New Georgia athletic director Greg McGarity said yesterday that he understands the frustration of angry Bulldog fans. (No word on whether or not he bit his lip and stuck out his thumb as he stated that fact.)
“You’ve got a certain faction of fans out there that are just disappointed and if they don’t have change, then they’re gonna drop out of the program,” McGarity said yesterday. He was referring to Bulldog backers withholding donations to the university… which is something that we’ve pointed to for two years as the sure-fire “tell” that Mark Richt is in trouble. Now that “tell” is being told.
“I know they’re frustrated with football right now, but what is so important is the contributions go to support every sport that we sponsor. If you have some that are pulling out of the program, in essence, I know they’re frustrated, but they’re basically pulling out of making a contribution that helps us in every facet of our operation.”
Following a Liberty Bowl loss to UCF, McGarity said that feedback from fans was close to 50-50 in terms of supportive/negative toward the football program.
A few other interesting notes:
* McGarity said that Richt “started to show the passion he has for the job” in his season-ending press conference this week. “I think that’s something Mark needs to do more of — show his passion and express it in ways that perhaps he hasn’t done before.” This falls right in line with a post from The AJC’s Tony Barnhart earlier this week. Either Barnhart had already queried McGarity about his feelings regarding Richt or McGarity is paying close attention to what the SEC’s top scribe opines.
* McGarity said that he expects to see “improvement in all areas” of the football program next year. “We want to see improvement in discipline; we want to see improvement in leadership; we want a passionate football team. We want every member of our staff, regardless of what sport it is, to be passionate about being here.”
Let’s interrupt all this talk of passion to ask a simple question: Has anyone ever questioned Bill Belichick or Tony Dungy because they aren’t as “passionate” as someone like a Bill Cowher? Some guys pump their fists, spit or kiss their players. Cowher did all three. But some guys look like statues on the sideline and sound half-dead in their press conferences. Belichick and Dungy have done alright for themselves minus the theatrics. No one worried about Richt’s passion as he led Georgia to a #2 national ranking in 2007. And he looked like an escapee from Disney’s Hall of Presidents then, too.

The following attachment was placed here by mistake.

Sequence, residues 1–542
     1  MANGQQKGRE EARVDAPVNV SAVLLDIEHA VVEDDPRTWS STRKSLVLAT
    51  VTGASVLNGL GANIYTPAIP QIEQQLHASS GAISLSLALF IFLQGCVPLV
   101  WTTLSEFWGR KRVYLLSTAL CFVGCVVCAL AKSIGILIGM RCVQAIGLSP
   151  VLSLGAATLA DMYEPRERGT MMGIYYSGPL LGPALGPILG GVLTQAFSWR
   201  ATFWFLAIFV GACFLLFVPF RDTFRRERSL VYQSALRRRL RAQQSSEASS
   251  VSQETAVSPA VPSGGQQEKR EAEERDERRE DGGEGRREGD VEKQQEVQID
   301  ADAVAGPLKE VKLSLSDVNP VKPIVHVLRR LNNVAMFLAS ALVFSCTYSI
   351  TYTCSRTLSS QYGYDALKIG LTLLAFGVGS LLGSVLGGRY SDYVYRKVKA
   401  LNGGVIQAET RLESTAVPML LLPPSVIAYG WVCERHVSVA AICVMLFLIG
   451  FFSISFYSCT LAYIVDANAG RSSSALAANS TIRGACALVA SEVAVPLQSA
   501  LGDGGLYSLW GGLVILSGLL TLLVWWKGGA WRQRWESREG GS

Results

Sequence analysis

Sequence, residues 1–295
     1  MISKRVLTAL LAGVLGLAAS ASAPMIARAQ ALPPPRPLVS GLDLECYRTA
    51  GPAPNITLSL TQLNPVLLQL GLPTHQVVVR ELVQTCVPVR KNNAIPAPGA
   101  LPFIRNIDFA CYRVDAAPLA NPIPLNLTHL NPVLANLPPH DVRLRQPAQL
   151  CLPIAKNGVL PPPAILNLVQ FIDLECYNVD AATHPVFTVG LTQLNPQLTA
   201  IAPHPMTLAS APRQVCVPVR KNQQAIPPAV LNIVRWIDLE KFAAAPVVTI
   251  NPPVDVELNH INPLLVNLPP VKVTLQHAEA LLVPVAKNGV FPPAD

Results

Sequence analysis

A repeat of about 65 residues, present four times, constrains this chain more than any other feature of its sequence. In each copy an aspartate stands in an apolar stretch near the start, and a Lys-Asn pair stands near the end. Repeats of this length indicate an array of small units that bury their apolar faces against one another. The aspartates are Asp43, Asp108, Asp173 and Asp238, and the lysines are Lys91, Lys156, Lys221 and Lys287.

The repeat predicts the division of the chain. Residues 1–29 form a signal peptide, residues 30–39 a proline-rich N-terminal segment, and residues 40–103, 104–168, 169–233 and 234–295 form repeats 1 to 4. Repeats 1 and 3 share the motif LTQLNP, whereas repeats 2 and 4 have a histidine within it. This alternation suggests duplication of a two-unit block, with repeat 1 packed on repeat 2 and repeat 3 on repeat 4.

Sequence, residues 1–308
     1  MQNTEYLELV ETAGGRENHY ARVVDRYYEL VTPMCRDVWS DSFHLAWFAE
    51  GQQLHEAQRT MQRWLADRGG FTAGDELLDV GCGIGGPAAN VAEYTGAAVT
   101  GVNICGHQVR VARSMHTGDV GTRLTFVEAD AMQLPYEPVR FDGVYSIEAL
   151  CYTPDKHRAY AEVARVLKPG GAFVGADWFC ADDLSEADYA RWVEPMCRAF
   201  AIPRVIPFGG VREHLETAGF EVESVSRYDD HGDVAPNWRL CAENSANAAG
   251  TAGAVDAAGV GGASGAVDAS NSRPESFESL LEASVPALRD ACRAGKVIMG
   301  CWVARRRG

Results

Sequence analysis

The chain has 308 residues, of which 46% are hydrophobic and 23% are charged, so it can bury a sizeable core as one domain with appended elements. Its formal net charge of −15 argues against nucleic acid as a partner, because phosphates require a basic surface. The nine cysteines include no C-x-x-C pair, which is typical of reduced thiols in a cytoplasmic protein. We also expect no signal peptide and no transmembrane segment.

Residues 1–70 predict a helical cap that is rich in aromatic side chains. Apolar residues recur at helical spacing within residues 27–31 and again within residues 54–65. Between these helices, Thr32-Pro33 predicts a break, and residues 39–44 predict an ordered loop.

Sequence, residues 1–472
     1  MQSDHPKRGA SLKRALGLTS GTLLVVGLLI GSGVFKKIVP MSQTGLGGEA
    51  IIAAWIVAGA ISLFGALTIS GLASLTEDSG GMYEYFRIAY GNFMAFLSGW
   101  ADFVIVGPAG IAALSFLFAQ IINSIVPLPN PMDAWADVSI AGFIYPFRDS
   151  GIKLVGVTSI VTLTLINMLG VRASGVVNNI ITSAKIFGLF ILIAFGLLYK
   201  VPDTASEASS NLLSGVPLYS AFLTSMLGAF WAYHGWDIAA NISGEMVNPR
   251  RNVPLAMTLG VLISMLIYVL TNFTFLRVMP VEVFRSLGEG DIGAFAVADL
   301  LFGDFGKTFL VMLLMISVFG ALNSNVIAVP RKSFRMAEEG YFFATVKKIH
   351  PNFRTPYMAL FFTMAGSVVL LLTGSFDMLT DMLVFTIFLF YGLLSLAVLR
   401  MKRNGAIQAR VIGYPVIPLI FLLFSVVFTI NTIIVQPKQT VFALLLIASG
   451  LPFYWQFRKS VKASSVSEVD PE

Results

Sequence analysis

If the spark has left your relationship, you don’t ask your partner to make googly eyes with you just for show. That’s akin to what’s happening at Georgia. “In lieu of wins and losses, we want you to scream and yell like a fan.”
But the passion thing won’t work anyway. If Richt “passionately” loses, fans will still worry about the loss than any new, more-animated sideline gestures. And if Richt displays more emotion some will no doubt suggest that it’s a sign that the pressure of a declining program is getting to him.
* McGarity said there’s no set number of wins that Richt must record to insure a return in 2012. “All our coaches know what is expected of them; they are expected to compete for championships, to be in the hunt. So I’m not here to put a figure on a number of wins and everything.”
* UGA’s new AD also said that he believes one of Richt’s “weaknesses was that he was trying to do so much himself.” Therefore, McGarity has helped take some administrative duties off Richt’s plate.
Final question: How many times has a college coach reached this level of turmoil and survived?
Let’s say Richt wins 8 games next year. That would be an improvement over 2010, but would fans pull out their checkbooks again?
What about 10 wins? Sounds good, but if the losses are to Florida and Georgia Tech — for example — what would be the result?
Heck, let’s say Richt reaches Atlanta in 2011, but falls back to 6-6 in 2012. What then? (Ex-Tennessee coach Phillip Fulmer could probably give him a hint.)
Richt has been a very successful coach in Athens as well as a tremendous ambassador for the school and the conference. But when fans stop making donations and your boss asks to see more passion from you, you’re time is running out.
Last month we said that Richt should have pursued the openings at Colorado and Miami and tried to get out of Georgia while the getting was good. He didn’t.
Eventually he’ll regret that.